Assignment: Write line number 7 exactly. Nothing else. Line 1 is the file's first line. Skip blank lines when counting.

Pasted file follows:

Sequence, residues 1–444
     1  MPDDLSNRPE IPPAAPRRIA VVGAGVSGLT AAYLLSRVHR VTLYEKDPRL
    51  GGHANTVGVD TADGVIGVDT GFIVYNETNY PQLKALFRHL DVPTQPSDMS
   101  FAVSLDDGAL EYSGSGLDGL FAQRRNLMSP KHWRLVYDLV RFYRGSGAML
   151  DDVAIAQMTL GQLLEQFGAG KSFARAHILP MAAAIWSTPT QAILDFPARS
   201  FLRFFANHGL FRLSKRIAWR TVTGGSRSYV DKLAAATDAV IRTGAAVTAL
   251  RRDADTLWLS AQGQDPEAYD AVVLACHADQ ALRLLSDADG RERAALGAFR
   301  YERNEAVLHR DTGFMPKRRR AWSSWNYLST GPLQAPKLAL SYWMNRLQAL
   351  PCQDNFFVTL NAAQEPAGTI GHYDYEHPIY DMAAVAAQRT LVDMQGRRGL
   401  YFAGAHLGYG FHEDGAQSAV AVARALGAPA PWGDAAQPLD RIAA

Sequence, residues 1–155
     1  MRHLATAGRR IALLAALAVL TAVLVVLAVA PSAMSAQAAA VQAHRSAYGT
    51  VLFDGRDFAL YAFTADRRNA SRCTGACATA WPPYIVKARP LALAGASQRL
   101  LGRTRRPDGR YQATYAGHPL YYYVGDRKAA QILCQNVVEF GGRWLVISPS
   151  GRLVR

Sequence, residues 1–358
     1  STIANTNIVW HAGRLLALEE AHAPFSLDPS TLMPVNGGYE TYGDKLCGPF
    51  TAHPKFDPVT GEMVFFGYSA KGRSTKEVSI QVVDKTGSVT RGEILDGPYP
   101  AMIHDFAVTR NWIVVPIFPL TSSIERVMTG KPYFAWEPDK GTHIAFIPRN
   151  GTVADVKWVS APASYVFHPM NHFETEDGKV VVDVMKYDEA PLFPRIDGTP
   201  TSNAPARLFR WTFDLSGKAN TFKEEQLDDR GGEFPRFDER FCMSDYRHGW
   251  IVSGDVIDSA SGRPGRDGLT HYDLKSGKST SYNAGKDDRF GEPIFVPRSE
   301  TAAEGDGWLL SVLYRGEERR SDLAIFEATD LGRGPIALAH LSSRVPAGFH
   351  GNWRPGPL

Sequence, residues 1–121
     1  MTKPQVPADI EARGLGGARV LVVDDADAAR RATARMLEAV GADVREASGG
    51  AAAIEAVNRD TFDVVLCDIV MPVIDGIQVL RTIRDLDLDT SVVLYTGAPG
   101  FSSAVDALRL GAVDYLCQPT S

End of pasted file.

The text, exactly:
   251  RRDADTLWLS AQGQDPEAYD AVVLACHADQ ALRLLSDADG RERAALGAFR